U.S. Energy Secretary Ernest Moniz is calling for a review of New England’s natural gas shortage, which has led to higher electricity prices and concerns that the region’s electric grid is overly dependent on the fuel, according to an article in the Hartford Courant.
Moniz wrote in a letter to New England senators that the issue of tight natural gas supplies will be one of the first raised in a broad federal review of the country’s energy system, which President Barack Obama requested earlier this month. A stakeholder meeting in the next few months will kick off the review, Moniz said.
“As a New Englander myself, I am acutely aware of the constraints that existing infrastructure to and within the New England region present for the transmission of natural gas to customers, industrial facilities, and power plants,” Moniz, who is from Massachusetts, wrote in a letter to U.S. Sen. Chris Murphy and others.
There is an ample supply of natural gas because of new drilling techniques, like hydraulic fracturing or fracking, but it has become costly to transport it into New England, the Courant reports. Pipelines into the region are packed, as cold weather raises demand for heating and the region’s power plants have increased their reliance on the fuel in recent years.
“With supply into the region tight, electricity prices have jumped and some industrial and commercial gas customers have been called on to temporarily switch fuels in order to maintain adequate supply,” the article states.
In December, the six New England governors signed a pact agreeing to address these and other issues in concert. They wrote to Moniz in late December expressing their concerns about “the natural gas and energy market challenges facing the New England region and the effect that high energy prices are having on consumers and businesses.”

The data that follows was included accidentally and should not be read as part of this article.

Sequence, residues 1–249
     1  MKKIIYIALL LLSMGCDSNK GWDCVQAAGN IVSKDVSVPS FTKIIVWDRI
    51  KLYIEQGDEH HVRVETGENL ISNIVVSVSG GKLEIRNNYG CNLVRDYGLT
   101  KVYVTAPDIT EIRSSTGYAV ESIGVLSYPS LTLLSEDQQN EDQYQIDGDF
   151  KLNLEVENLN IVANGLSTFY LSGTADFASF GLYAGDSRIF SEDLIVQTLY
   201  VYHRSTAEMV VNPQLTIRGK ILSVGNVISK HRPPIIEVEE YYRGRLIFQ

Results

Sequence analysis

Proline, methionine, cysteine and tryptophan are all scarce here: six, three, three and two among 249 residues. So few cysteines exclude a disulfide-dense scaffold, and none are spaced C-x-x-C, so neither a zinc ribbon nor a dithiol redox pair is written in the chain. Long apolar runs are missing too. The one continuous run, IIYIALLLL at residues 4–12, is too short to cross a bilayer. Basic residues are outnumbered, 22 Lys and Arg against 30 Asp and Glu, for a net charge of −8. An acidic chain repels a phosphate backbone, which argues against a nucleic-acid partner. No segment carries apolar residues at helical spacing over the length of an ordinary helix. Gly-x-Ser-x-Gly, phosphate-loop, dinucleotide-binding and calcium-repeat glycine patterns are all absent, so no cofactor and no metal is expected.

Last week, the governors proposed to levy a new tariff on power plants that would fund the building of new pipelines and the expansion of existing lines into the region. ISO New England, the operator of the region’s power grid and wholesale electricity market, called the approach “novel” and said it would submit the idea to federal regulators.
Murphy said that a solution to the capacity issue will require major federal and state involvement, from approvals to funding and construction. “If we’re going to site new natural gas transmission capacity, we have to have the private sector, the federal government and states aligned,” Murphy told the Courant. “That’s why it’s important to us as the department sets its priorities in the Quadrennial Energy Review to dedicate resources to fix this problem in the Northeast.”
To read the Courant article, click here.